It just so happens that this year the national Alfa Club show is headquartered in Rohnert Park, CA. Well, RP is right next door to Santa Rosa so I was definitely going. They have tours, track days, and social events all week. Today was the Concorso.
I had thought about entering the non-judged section, but wasn’t sure my car was ready. I drove over mid-morning after the event had already started and I was surprised at the range of cars. I really should have entered. My car would not have won anything, but wouldn’t have been the worst looking either. There were several ’74s there, both judged and not.
There is no way to attend an event like this and not love Alfas even more…
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I’ve never liked the rubber “tits” that the feds made Alfa add to the front bumpers in 1974. The re-pops are over $1K so I decided to give Larry a call at APE and see if he had any. He didn’t have a set of clean pre-74 bumpers, but he did have a set of rubber parts without the holes for the “tits”. $60 sounded a lot better than $1000, so I thought I would give it a try.
Off with the old bumpers…
Here’s what the two sets of rubber parts look like. Note the hole for the tit.
It wasn’t too hard to remove the old part, but getting all those rubbers tabs fully seated was a chore. Here’s a shot with the rubber removed and the underlying plastic exposed.
Here’s one side finished.
And, finally, back on the car.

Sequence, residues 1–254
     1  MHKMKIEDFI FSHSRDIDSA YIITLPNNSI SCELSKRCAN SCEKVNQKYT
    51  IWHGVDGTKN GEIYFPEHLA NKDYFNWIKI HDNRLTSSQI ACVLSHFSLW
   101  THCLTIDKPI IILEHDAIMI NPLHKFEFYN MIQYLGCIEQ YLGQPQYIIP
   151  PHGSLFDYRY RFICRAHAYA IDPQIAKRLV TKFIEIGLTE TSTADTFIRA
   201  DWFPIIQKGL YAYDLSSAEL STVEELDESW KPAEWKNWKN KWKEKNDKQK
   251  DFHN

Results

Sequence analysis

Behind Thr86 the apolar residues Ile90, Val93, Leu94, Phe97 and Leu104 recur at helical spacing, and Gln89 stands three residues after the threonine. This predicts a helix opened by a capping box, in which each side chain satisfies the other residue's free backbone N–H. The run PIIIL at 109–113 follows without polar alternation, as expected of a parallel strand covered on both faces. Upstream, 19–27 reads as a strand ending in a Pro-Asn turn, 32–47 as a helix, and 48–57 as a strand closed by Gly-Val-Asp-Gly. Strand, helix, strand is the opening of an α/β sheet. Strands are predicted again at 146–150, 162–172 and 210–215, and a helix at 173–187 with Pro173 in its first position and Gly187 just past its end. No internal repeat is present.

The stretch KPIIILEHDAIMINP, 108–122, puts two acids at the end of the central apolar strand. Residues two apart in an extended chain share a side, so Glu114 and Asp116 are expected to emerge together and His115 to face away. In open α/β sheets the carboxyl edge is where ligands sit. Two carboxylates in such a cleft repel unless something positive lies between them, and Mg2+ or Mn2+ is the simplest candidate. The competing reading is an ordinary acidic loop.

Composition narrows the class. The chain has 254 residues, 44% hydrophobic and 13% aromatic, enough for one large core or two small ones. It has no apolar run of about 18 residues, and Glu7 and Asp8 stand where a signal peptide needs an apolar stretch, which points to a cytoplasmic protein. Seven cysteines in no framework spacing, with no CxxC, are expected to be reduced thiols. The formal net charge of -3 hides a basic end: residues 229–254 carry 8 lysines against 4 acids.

My last post was about what it means to be an Alfisti. Today I tested whether I was a true Alfisti or just a poseur (okay, this is my SECOND Alfa, so I’ve got some cred). Today I went to look at a ‘parts’ car.
Now, no one needs a parts car. That’s a given. But, when you see a 74 Spider for sale locally on Craigslist for only $975 with pictures that are more or less ‘barn find’, it’s worth checking out, no? My friend Gary agreed to come along for adult supervision (and provided the wonderful new header photo).
My vague plan was to see if the car had enough stuff on it that I could re-sell on CL, etc and end up with a free engine and transmission that I could rebuild for eventual transplant. Bottom line, it probably does have enough sell-able parts (good bumpers, wheels, switches, steering wheel, door panels, and so on).
So, the big question is, is it worth it to try to rebuild the engine myself (last one I did was 1977) or pass and spend the bucks when I have to on my car. I’m leaning pass, but need to sleep on it.
I must be crazy…
There is something about owning and driving an Alfa that is different than other cars. I’ve owned British and Japanese sports cars, but nothing is like driving an Alfa. It’s really an emotional thing that’s hard to explain.
The Alfa organization is fantastic about supporting owners and fans, or Alfisti as we are known. For example, the factory maintains a database of all cars ever made and will share that information with owners. The man in charge of this effort is Marco Fazio and here is a video where he explains what it means to be an Alfisti. The last 30 seconds are better than I could ever explain.
I wrote him to find out more about my car and here is the reply
I decided to install IAP’s headlight relay kit. To get at the wiring, I had to remove the front bumper assembly. This also gave me the chance to see why one of the rubber tits sticking out front was loose (no good reason, just loose bolt). While I had the bumper off and lights out, I thought a picture was appropriate.